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lives of billions have been shaped by aspirations and the greed of the few. between people's right to self determination and the self seeking of a dictator. between dreams of democracy and appetites for autocracy that we're seeing around the world. our troops fought this battle on fields around the world, but also the battle of our time. it falls to each of us, each and every day, democracy itself in peril here at home and around the world. what we do now what duo now, how we honor the memory of the fallen, will determine whether or not democracy will long endure. we all take it for granted. we think we learn in school and
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that every generation has to fight for it. look, the biggest question. whether a system that prizes the individual, bends toward liberty, if that system can and will prevail against the powerful sources. all that duo in our common life is part of that struggle. a struggle for democracy. taking place around the world, democracy and autocracy. a struggle for decency and dignity. just simple decency. a struggle for prosperity and progress. and yes, the struggle for the
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soul of america itself. folks, you all know it. democracy drives when the infrastructure is strong. people have a right to vote freely and fairly and conveniently on a free and independent press pursues the truth founded on facts not propaganda. when the rule of law applies equally and fairly to every citizen regardless of where they come from or what they look like. excuse me. where ever americans are, there is democracy. churches, synagogues, mosques. bleachers at soccer games. libraries and parks. it grows with an open heart and
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the impetus to come together for common cause. i though parenthetically that's what you do, and that's where it will be empathy is the fuel of democracy. let me say that again. empathy -- empathy is the fuel of democracy. our willingness to see each other not as enemies. even when we disagree, to understand what the other is going through. state the obvious. our democracy is imperfect. it always has been. but americans of all backgrounds, races, creed, identities, sexual orientation have long spilled their blood to defend our democracy. the diversity of our country and of our armed services is and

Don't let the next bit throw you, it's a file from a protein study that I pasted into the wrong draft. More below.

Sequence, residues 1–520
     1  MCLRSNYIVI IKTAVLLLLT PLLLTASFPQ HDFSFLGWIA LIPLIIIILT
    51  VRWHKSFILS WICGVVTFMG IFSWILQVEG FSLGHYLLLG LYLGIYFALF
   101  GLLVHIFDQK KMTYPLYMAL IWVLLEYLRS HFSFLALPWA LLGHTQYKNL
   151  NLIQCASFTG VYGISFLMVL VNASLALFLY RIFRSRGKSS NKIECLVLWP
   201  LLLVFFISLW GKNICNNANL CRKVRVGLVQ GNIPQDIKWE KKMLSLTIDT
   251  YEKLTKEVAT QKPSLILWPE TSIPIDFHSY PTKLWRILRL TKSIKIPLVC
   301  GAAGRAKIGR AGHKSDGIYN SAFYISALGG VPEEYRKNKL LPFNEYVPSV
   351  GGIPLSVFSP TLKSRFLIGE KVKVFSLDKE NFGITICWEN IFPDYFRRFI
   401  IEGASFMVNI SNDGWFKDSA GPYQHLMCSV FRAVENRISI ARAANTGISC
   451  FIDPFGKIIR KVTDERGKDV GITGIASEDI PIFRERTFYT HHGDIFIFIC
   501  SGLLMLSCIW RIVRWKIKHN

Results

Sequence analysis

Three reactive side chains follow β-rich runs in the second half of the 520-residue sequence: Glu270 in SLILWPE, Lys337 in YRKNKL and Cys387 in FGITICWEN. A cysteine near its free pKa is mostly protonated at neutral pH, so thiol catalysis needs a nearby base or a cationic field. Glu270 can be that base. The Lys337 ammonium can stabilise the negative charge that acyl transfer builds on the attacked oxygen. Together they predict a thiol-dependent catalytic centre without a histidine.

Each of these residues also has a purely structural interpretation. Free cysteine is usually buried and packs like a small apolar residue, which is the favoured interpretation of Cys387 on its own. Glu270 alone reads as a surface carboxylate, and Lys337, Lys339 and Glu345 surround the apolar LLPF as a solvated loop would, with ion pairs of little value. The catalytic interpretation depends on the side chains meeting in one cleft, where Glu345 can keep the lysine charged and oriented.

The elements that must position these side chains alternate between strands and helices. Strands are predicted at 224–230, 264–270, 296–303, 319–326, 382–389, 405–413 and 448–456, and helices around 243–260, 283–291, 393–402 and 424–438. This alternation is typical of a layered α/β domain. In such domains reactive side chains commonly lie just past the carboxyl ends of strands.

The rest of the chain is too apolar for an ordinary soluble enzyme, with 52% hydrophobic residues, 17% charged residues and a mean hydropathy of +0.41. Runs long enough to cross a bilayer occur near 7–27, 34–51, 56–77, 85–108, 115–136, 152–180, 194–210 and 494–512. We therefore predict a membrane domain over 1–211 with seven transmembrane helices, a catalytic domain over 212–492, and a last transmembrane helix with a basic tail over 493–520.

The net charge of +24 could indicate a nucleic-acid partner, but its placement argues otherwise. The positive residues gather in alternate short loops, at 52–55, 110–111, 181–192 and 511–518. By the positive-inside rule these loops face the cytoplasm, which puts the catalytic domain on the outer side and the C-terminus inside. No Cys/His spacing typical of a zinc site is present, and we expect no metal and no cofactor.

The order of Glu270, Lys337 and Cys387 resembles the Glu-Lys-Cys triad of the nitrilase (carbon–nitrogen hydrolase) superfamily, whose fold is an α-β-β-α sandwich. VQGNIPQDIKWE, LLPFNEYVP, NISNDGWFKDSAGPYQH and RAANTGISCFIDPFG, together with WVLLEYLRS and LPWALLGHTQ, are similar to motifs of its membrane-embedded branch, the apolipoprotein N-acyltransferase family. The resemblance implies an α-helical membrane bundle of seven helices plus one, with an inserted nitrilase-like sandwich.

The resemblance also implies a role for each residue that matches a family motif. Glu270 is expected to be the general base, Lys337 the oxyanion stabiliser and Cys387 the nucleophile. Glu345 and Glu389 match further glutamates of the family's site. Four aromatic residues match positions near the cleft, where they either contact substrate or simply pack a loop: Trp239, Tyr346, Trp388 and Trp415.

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always has been an incredible strength. and generation after generation of american heroes have signed up to be part of the fight, because they understand the truth that lives in every american heart. that liberation, opportunity, justice are far more likely to come to pass in a democracy than an autocracy. if every person is sacred, then every person's rights are sacred. individual dignity, individual worth, individual sanctity, the right to life, liberty and the pursuit of happiness. we say those words so often. but think of it. the right to vote. the right to rise in a world as far as your talent can take you. unlimited by unfair barriers of
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privilege and power. such are the principles of democracy. how do we do that? how do we make the idea real or as close to real as we can make it? this nation was build on an idea. the only nation in the world but on an idea. every other is built on ethnicity, geography, religion, et cetera. we were built on the idea of liberty. and opportunity for all. we never fully realized that aspiration of our founding. every generation has opened the door a little wider. every generation has opened it wider and wider to be more inclusive. include those who have been excluded before. it's a mission handed down generation to generation.